Kim and I spent more time than I'd like to admit watching VH1 on cable teevee. The shows those guys come up with consistently amaze me with their originality. They've successfully taken the idea of the music video to another, meta-level, where it can be teased apart and have its cultural relevance entertainingly examined and extracted.

After Popup Video (which seems to borrow from the idea of hypertext), we watched the new show Rock of Ages, where various demographic groups are gathered into a room to watch videos and comment about them. For example, a group of middle-aged establishment religious leaders watched Marilyn Manson and Madonna videos, as did a group of Satanists, and their comments were presented in a marvelously entertaining back-and-forth format.

Next came Vinyl Justice, which is a bit sillier without being especially entertaining, though (again), it's a most original idea. Two guys posing as police officers stop people and ask to look through their collections of recorded music, and then write up amusing "tickets" for what they perceive as "music crimes."


omewhere in the midst of a series of VH1 Behind the Music documentaries (Steppenwolf, Eric Clapton, Elton John, etc.), Rhonda discovered a flea on Sophie. Everything went downhill from there.

It wasn't so much that Rhonda freaked out, which she sort of did, it was more that this one flea seemed to back up a few catty comments her sister Bettie had been saying about Kim and Sophie before we even arrived. You see, Bettie and Rhonda are very close and communicate by telephone on a regular basis. And (by way of background) the day before leaving Michigan, Bettie was angered when Kim failed to go grocery shopping for her grandmother. So when Bettie next talked to Rhonda, she was full of bad things to say about Kim. Bettie told Rhonda to watch out for Sophie, that the dog would be shitting on her carpet and chewing things up. Fleas may have also been mentioned. Now, as for me, I really don't know why fleas are such a big deal. I grew up with fleas so bad that if you spread out a map on the living room floor it would click like a geiger counter. But for these people fleas are absolutely intolerable in any number and to introduce a single flea into a place where there are none is considered a serious faux pas. So Kim was embarrassed and humiliated, made to feel suddenly like a Typhoid Mary. She had no idea where this flea had come from. It could have been anywhere along the way; Sophie had been flea-free in Michigan.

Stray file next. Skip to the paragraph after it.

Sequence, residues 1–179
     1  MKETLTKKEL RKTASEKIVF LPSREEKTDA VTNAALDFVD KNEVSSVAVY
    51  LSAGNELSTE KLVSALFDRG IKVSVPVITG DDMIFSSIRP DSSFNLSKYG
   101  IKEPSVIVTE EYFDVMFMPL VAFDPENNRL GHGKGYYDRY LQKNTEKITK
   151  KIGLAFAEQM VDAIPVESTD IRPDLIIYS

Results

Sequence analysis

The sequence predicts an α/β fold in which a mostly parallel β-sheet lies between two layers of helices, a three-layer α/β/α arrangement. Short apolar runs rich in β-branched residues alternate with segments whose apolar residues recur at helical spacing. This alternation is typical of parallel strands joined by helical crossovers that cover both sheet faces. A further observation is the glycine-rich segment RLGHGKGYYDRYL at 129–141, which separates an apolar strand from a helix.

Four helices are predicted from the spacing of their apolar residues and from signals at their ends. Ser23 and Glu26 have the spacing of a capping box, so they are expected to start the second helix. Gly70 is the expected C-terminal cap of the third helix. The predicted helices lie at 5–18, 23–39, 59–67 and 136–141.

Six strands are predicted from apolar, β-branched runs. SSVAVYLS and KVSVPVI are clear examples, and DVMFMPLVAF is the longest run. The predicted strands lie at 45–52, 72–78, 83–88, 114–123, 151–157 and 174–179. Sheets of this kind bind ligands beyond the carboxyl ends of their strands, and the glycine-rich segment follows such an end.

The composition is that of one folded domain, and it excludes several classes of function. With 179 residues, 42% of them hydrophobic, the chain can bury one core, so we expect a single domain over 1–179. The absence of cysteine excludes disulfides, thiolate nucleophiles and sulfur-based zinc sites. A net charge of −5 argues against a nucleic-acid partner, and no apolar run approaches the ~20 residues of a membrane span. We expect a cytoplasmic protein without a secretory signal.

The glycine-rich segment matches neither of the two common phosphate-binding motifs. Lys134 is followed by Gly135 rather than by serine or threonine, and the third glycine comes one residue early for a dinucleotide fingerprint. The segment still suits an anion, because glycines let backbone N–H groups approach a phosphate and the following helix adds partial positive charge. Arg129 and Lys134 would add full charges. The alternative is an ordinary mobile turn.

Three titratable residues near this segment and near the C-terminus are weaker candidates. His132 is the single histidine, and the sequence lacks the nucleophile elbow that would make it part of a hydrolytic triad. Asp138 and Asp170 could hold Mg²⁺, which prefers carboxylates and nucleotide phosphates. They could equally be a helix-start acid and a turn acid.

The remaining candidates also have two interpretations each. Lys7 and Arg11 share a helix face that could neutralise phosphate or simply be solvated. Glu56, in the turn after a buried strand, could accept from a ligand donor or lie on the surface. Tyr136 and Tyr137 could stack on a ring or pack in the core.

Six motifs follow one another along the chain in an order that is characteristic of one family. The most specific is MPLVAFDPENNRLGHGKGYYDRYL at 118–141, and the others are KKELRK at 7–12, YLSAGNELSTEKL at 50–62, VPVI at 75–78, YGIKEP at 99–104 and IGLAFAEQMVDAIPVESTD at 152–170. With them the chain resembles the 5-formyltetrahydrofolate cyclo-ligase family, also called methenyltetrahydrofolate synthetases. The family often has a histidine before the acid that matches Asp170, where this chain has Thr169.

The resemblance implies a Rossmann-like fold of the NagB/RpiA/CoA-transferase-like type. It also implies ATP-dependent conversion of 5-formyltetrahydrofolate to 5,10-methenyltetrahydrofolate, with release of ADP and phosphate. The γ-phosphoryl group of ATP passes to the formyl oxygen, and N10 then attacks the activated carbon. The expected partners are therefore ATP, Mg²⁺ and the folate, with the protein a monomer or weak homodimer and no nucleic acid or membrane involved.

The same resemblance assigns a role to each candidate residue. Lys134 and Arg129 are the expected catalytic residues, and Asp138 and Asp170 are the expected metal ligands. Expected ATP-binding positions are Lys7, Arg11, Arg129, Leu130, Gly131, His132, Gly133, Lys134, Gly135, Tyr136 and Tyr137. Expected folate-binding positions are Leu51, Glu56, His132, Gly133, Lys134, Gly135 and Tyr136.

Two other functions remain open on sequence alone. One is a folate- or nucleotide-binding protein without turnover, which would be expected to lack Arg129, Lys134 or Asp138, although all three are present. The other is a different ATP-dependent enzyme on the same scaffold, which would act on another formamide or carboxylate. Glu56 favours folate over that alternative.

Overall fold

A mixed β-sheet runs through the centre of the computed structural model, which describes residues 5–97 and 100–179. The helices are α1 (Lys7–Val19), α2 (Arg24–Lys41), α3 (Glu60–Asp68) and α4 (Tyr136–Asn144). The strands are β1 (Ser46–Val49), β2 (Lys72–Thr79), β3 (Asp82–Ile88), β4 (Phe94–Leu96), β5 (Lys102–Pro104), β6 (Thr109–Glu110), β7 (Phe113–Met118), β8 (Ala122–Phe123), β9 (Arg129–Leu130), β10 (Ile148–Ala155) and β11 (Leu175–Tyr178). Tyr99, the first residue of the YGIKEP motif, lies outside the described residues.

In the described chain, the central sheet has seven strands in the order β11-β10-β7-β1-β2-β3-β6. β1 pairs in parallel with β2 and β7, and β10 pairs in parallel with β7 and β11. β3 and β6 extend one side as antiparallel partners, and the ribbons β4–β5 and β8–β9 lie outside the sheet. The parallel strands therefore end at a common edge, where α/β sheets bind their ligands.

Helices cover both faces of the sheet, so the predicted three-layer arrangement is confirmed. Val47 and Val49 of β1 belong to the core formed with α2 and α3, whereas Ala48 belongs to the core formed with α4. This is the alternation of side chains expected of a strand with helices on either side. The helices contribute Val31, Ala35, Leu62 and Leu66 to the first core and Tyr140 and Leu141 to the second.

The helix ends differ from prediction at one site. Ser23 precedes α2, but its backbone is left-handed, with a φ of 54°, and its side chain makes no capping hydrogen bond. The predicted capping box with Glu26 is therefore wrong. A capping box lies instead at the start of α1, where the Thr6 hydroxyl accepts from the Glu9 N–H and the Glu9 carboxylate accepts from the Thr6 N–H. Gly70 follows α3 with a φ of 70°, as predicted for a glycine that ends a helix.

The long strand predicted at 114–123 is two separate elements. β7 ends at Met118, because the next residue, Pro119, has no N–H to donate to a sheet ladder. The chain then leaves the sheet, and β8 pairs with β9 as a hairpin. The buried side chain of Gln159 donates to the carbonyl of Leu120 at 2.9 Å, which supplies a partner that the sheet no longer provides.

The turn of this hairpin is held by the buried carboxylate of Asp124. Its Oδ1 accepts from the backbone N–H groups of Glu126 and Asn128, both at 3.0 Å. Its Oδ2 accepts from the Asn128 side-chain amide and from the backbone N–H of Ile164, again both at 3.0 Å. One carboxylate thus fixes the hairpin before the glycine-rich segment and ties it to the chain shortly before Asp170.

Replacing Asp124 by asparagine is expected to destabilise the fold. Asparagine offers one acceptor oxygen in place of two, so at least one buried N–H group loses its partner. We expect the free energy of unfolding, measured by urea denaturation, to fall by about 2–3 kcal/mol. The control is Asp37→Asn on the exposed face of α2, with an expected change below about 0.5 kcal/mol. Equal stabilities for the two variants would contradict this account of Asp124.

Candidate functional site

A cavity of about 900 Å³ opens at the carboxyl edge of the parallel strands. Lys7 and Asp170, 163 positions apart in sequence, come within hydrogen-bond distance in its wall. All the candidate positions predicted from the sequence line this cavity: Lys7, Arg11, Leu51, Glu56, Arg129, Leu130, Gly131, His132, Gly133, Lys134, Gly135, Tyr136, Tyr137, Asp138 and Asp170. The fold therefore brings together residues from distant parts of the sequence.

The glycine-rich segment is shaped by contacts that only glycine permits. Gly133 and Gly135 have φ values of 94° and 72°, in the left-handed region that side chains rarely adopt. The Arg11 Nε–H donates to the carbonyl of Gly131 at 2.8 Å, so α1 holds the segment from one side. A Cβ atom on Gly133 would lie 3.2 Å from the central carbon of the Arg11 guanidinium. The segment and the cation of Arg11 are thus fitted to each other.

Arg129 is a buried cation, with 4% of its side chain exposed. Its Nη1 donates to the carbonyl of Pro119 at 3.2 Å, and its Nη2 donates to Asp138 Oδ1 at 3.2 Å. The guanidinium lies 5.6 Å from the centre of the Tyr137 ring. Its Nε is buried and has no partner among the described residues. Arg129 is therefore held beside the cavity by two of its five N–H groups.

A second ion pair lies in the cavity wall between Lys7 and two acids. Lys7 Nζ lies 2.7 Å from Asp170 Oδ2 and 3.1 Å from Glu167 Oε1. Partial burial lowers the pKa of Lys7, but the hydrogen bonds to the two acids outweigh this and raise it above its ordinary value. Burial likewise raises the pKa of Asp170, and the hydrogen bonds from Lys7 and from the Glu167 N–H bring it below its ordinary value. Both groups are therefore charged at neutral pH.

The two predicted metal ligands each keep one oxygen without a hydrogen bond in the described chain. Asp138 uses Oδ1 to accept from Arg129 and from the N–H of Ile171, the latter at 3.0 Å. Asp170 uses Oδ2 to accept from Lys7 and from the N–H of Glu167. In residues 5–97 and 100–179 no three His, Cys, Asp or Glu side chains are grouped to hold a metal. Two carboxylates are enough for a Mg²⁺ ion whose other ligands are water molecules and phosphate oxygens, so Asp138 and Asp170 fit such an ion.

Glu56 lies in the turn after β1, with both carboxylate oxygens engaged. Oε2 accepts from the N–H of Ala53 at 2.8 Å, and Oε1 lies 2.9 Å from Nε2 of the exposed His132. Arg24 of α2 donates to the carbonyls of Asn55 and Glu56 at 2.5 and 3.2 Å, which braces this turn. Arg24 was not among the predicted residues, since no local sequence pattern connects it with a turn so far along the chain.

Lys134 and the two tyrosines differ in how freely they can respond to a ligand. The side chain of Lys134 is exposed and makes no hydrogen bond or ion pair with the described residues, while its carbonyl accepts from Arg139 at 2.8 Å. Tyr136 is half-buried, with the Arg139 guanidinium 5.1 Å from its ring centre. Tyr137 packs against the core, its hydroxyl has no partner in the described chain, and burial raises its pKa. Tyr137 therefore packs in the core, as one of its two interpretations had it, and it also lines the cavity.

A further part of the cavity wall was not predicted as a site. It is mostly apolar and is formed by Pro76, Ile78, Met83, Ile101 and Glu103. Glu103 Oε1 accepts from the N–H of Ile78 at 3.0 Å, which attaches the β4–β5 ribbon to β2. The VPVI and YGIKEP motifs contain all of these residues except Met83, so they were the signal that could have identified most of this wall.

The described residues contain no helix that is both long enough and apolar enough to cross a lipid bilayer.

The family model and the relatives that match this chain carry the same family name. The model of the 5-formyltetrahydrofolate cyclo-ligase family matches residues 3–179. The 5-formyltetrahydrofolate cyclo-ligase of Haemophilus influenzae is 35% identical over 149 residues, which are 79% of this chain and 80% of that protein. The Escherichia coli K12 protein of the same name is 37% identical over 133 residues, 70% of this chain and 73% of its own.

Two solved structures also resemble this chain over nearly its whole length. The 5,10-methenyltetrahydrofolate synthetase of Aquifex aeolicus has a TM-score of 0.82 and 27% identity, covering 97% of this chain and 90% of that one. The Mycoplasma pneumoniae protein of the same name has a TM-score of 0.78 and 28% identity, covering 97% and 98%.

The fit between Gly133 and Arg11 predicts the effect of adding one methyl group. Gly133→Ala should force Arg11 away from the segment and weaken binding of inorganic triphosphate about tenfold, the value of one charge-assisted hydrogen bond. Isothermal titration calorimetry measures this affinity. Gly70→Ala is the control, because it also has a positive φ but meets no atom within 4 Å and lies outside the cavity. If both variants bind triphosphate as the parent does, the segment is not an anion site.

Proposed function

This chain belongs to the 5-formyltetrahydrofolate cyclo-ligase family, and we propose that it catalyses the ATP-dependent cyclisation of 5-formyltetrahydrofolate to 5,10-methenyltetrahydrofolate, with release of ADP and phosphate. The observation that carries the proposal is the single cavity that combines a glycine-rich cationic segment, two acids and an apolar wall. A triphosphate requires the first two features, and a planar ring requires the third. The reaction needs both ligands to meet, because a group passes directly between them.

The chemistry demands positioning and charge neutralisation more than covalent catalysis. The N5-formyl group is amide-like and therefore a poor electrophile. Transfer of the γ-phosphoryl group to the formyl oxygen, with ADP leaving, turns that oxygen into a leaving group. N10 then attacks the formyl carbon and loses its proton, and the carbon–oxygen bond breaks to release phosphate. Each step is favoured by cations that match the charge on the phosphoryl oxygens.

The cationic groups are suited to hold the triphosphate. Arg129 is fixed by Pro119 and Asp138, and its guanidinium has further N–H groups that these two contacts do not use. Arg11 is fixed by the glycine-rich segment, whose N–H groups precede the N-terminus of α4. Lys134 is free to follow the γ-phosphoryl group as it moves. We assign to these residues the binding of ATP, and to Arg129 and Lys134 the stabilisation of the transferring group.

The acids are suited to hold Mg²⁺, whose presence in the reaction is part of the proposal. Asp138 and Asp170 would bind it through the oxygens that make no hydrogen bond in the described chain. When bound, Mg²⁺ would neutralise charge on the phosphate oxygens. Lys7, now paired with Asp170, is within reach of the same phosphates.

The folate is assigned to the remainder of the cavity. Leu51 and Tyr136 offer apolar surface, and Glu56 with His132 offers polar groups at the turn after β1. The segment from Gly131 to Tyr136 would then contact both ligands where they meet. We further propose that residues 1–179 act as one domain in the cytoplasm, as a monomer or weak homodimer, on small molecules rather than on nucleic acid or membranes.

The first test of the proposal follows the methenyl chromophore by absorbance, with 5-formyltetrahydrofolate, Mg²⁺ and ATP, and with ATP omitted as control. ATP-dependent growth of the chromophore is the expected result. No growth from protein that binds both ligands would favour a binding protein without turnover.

Rhonda and Kim soaked all three dogs in flea spray as an emergency measure, and then, for the rest of the evening (when she wasn't out in the garage having a private conversation with Bettie), Rhonda behaved a little like Mother, patronizingly going through all the should'ves and could'ves. Rhonda is a big fan of a pill that makes dogs flea-free. It sounded like a scary thing to me, so I asked her what it did. She didn't know, she had no interest in knowing, she just thought Kim was foolish for having not gotten Sophie a prescription of such pills before leaving for Michigan. This sort of thing, and a failure to immediately find the humour in certain sarcastic things I'd said earlier today, made me realize that I was dealing here with someone whose mind was very different from my own.

Kim was thoroughly alienated by the entire experience. Originally we'd planned to stay in Scottsdale for a few days. But now she wanted to leave tomorrow.

one year ago